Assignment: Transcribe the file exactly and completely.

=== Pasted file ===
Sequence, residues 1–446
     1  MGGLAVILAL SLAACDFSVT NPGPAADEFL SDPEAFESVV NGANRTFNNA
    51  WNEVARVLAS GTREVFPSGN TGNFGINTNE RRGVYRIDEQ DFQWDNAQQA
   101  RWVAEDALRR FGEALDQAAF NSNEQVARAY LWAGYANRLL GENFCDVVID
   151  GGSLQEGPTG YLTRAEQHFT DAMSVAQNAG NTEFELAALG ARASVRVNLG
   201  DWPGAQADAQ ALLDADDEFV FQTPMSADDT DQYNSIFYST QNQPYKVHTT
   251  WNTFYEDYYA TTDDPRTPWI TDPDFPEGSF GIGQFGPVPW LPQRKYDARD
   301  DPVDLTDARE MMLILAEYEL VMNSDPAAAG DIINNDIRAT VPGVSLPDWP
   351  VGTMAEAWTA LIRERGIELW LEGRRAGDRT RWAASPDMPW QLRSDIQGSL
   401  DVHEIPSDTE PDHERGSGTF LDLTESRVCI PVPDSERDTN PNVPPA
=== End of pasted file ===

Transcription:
Sequence, residues 1–446
     1  MGGLAVILAL SLAACDFSVT NPGPAADEFL SDPEAFESVV NGANRTFNNA
    51  WNEVARVLAS GTREVFPSGN TGNFGINTNE RRGVYRIDEQ DFQWDNAQQA
   101  RWVAEDALRR FGEALDQAAF NSNEQVARAY LWAGYANRLL GENFCDVVID
   151  GGSLQEGPTG YLTRAEQHFT DAMSVAQNAG NTEFELAALG ARASVRVNLG
   201  DWPGAQADAQ ALLDADDEFV FQTPMSADDT DQYNSIFYST QNQPYKVHTT
   251  WNTFYEDYYA TTDDPRTPWI TDPDFPEGSF GIGQFGPVPW LPQRKYDARD
   301  DPVDLTDARE MMLILAEYEL VMNSDPAAAG DIINNDIRAT VPGVSLPDWP
   351  VGTMAEAWTA LIRERGIELW LEGRRAGDRT RWAASPDMPW QLRSDIQGSL
   401  DVHEIPSDTE PDHERGSGTF LDLTESRVCI PVPDSERDTN PNVPPA